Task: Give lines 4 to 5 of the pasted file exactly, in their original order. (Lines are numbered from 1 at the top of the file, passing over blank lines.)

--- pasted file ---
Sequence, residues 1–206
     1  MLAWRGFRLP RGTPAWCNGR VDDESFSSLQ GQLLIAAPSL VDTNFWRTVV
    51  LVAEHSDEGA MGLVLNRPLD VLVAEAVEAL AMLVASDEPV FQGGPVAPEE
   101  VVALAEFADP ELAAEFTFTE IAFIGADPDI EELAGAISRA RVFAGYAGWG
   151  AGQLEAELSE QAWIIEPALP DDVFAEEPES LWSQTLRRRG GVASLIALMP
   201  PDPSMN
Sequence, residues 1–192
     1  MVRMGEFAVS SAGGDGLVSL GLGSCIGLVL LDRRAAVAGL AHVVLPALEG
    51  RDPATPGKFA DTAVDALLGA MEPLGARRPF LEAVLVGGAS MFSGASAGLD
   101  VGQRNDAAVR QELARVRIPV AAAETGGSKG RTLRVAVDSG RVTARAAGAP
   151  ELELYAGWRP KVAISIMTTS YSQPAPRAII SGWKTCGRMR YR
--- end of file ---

   101  VVALAEFADP ELAAEFTFTE IAFIGADPDI EELAGAISRA RVFAGYAGWG
   151  AGQLEAELSE QAWIIEPALP DDVFAEEPES LWSQTLRRRG GVASLIALMP